Single consumers have plenty of challenges when it comes to personal finances, no doubt. For couples however, whether pre-or post-marriage, the consequences of making bad financial decisions can be a lot more expensive and damaging in the long run.
Below are 3 of the common financial mistakes that couples make and advice on how to avoid them. Enjoy.
Mistake #1: Not taking care of household finances together
In many relationships, one person is the money manager and, in many cases, it seems to work out just fine. Until it doesn’t. If you’ve never handled finances and suddenly find yourself divorced with a cleaned out checking account, trying to figure out where you stand, and possibly discovering that your spouse was very bad at handling finances, could be a real shock.
Simply put, both individuals in a relationship should take part in managing the finances of the house. Sitting down together and looking at all of them, managing checking and savings accounts together and working together to get bills paid every month is a great way to build your financial acuity as well as stay close as a couple.
Mistake #2: Putting off saving for retirement while you save for your child’s college costs
Many couples put off saving for retirement while they diligently put money aside for their child’s college education, which seems like a smart idea and a good choice as a parent. But here’s the problem; when you’re retired and need cash, the federal government isn’t going to give you guaranteed loans, grants and scholarships. They will give them to your children however.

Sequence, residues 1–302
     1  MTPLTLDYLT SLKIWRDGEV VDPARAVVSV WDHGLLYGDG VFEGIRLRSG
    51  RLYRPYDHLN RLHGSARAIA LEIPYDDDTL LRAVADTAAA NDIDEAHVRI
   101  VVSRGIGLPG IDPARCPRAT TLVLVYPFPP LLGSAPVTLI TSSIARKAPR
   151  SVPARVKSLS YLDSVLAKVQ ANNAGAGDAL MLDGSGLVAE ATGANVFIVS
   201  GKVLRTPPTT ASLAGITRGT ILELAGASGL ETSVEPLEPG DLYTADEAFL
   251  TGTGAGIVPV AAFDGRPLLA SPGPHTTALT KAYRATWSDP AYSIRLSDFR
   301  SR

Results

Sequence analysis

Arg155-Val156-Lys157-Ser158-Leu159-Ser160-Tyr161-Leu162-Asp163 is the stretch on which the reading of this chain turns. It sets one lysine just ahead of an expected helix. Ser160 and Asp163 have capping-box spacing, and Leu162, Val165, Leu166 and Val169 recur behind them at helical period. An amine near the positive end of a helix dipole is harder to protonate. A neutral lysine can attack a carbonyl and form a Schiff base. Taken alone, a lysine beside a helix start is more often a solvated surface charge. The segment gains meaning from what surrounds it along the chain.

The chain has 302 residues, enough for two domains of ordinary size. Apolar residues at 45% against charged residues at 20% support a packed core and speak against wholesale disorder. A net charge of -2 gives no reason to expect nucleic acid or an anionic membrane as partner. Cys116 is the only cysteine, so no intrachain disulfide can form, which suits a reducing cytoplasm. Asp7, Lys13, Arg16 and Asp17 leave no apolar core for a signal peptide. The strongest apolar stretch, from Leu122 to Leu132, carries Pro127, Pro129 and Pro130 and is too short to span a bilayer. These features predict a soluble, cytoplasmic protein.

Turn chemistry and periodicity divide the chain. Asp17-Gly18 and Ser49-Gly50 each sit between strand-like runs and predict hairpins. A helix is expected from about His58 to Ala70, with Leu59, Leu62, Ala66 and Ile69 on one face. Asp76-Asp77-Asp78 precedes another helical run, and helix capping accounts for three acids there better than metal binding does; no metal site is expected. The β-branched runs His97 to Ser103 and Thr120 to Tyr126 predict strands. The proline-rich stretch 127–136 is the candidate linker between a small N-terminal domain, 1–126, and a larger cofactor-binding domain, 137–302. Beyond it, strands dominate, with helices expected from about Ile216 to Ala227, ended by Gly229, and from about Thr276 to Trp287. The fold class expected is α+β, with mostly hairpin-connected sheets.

Also, missing out on things like an employee match on your 401(k), and the long-term growth that it gives you, while you put away money for college expenses that you may never have, is a bad idea. There are a number of exceptions of course (as there always are) but, for most people, stuffing as much money into a retirement savings plan as possible is a better idea.
Mistake #3: Renting or leasing without a Cohabitation Agreements or Shared Lease
Not having a shared lease or cohabitation agreement is especially troublesome if you’re not yet married, simply because of the fact that, if you have an argument or breakup, you can easily find yourself out on the street if your name isn’t on the rental lease agreement. The same thing goes for all of the expenses that you’ll share, including rent, utilities and so forth. If you don’t have some type of cohabitation agreement that spells out exactly how you will share those costs, you could stand to lose quite a bit of money if your relationship ends.